Extended dynamic range is incredibly impressive. In this mode, the iPhone 11 Pro’s camera captures 4K video at 120fps internally with each alternating frame shot at different exposure levels and then combined to produce a pseudo-HDR effect. It’s subtler than you might expect but it does balance out the bright and dark areas of footage in a surprisingly effective manner.
All things considered, although the differences aren’t huge between the best phones on the market these days, I’d confidently say that Apple has pushed the iPhone 11 Pro to the top once again. It’s the most accomplished camera system in a smartphone today. Technically, Huawei’s Mate 30 triple-camera system is just as good, the fact that you can’t officially buy that phone in the UK or get Google Apps to work on it means it’s not a practical alternative. Plus it’s hugely expensive at €1,100.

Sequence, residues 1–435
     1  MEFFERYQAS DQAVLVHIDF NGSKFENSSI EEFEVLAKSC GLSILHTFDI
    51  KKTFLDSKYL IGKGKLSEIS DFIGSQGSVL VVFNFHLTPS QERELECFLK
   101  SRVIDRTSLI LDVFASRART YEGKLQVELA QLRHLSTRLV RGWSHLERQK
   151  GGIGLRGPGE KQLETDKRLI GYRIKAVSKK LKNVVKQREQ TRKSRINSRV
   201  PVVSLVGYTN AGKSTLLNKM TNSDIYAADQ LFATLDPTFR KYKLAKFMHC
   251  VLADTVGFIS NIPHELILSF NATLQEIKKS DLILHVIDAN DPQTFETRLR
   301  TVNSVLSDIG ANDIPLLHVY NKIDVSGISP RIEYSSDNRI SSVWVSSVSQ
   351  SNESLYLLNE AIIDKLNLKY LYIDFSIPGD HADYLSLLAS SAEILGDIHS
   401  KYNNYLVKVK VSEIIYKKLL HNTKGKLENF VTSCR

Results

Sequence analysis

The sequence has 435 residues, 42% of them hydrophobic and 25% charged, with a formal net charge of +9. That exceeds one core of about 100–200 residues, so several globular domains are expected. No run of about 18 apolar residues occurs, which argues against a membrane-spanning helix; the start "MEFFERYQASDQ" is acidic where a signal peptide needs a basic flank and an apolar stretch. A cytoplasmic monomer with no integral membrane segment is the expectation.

Apple iPhone 11 Pro review: iOS 13
Apple’s improvements to the iPhone’s camera don’t stop at the hardware, though. As part of the upgrade to iOS 13, it has also given the user interface a new lick of paint with a new zoom graphic and some of the photo options – aspect ratio and live photo, for instance – have moved from the top left of the screen to a new position, revealed by a simple swipe up from the bottom of the screen in the camera app.
Another nice addition here is the ability to have the camera capture images from the ultra-wide and primary cameras simultaneously. Then, if you go in and edit the photo, you can recompose and re-crop using the wider angle shot.